Batman - Serrano calls him a Democrat based on his opposition to gun ownership and the death penalty. I think of him more as a transpartisan, Bloombergian goo-goo type. A couple side notes: 1) Batman was created in the late 1930s, when, in large cities, the distinction between the local Democratic-Party organization and the local organized-crime syndicate was hard to parse. That in combination with Bruce Wayne's wealth would tend to give the Golden-Aged Batman Republican leanings. (He would be the Wallace Stevens of superheroes!) 2) A common complaint about Batman is that with his vast wealth and knowledge, all he does is beat up crooks, when he could do “so much more.” The comics have made clear for decades that Bruce Wayne makes wide-ranging philanthropic efforts, but never mind. I always thought it would be fun to have some young critic in a Batman story upbraid him for “just beating up crooks instead of solving the real problems,” at which point Batman would turn that thousand-yard star on his critic and say, quietly, “Are you saying you want me running the place then?”

Silver Surfer - Serrano, somewhat shiftily, says his “cosmic power would appeal most to Neo-Con Republicans.” Which is a massive cheat, since he's supposed to be telling us what the Surfer's own politics are. Dude: the Surfer's a hippie. He dropped out of the war (finding planets for Galactus to eat) and tried to bring peace and love. Of course, recently he's gone back to finding planets for Galactus to eat, so, Yuppie I guess.

Spider-Man - Serrano: Independent with liberal leanings. They don't get easier than the politics of Spider-Man. “With great power there must come great responsibility” is as pure a distillation of Great-Society/New-Frontier liberalism as you'll find. It's like, find Objectivism on your political map; now go to the opposite spot.

The Punisher - Ultra-Right-Wing Republican, per Serrano. That's if he votes.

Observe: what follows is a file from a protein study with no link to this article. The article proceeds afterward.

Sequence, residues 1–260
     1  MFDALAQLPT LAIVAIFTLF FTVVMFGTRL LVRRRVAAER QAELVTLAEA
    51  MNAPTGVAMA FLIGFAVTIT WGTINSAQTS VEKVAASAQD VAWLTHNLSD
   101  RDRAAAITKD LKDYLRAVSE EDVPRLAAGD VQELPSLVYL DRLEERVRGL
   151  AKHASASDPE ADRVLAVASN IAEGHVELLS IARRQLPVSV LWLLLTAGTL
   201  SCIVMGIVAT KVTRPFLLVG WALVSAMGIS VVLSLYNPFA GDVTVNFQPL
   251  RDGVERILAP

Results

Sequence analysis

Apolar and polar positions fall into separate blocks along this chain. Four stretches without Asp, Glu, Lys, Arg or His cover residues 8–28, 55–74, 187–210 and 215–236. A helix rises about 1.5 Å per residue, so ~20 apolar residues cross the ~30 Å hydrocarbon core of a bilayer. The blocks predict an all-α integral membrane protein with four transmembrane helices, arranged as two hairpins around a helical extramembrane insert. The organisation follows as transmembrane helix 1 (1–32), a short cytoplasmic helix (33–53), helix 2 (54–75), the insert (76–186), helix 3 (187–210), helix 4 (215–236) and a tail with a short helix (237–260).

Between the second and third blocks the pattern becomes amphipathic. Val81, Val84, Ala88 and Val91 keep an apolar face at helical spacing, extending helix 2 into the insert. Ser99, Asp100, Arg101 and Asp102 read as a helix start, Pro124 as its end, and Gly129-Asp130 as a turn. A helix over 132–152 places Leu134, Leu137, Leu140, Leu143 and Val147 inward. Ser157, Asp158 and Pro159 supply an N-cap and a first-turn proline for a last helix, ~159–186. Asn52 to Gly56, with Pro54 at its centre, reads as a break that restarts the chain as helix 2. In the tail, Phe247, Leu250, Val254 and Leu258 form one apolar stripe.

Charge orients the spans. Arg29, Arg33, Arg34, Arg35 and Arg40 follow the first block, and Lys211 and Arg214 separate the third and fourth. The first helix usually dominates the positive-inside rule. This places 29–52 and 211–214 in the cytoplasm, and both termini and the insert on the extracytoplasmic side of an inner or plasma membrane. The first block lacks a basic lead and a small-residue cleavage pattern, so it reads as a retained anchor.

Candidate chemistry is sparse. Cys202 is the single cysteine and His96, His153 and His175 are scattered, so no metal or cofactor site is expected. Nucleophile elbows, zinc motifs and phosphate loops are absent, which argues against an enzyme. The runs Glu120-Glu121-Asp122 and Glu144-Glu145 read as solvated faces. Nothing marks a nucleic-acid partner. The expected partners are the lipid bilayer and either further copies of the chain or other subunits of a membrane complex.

Iron Man - Serrano calls him a Republican. Maybe a PJ O'Rourke-style Republican-Party Reptile. In his current incarnation, he's a managerialist. (Or a Skrull!) In the early 1960s, when JFK and LBJ were miring us in Southeast Asia and prosecuting the most intense phase of the Cold War, he could have been a Repub or a Dem. Like Captain America, Iron Man has tended to take on the politics of his authors, foreswearing the munitions business for years when written by post-Vietnam liberals.

Green Lantern - A right-wing Republican, per Serrano. Did Snowbirds Fly in vain? Besides, his name now attaches to the core theory of neoconservatism, so let's give the Newsday blogger this one. Plus, I don't really care.

Wolverine - Serrano has no idea, so he settles for a Canadian joke. I was never that into Wolverine, so I'm gonna pass.

Daredevil - Serrano says Democrat. That's about right.

The Hulk - Serrano says, Ron Paul Republican. That's not only perfectly reasonable, it's funny. I'll go further and say, Anarchist. The good kind.

Kitty Pryde - Serrano says, Democrat. Demographically (Pryde is a Jewish woman and a mutant), this makes sense. Within continuity, I don't think we have much indication one way or the other.

Buffy the Vampire Slayer - Serrano says, Democrat. I say, if she's not an anarchist, I'm a member of the Kurdish Workers' Party. (Really, though, her creator is a liberal Democrat, so the safe assumption is that Buffy is too.)

The Flash - Serrano says, Eisenhower Republican. This makes sense to me. Barry Allen also worked in the law-enforcement bureaucracy, so “law and order” conservative makes intuitive sense.

Wow. That's one boy-heavy list. I invite readers to expand on the politics of female superheroes in comments. The Wasp? Black Canary? Jennifer Jones?

21 comments
Avram Grumer
1. avram
Didja see the first ep of Buffy's third season? The one where she frees a bunch of unfree workers from a demonic factory? At one point, during the big fight, we see her dramatically poised holding a pair of the workers' tools -- a hammer and something that looks a lot like a sickle.
paul wallich
2. paulw
avram:

isn't the whole superhero credo pretty much "from each according to their ability"?
Pablo Defendini
3. pablodefendini
Batman, a Democrat?? Riiight.

Bruce Wayne probably writes out sizeable campaign contributions to the Democrats, but to me, Batman is one of those rabid 'don't tread on me' libertarians. He and Ollie Queen will be spending their retirement years in a bunker in the hills somewhere, shooting trespassers and being cranky.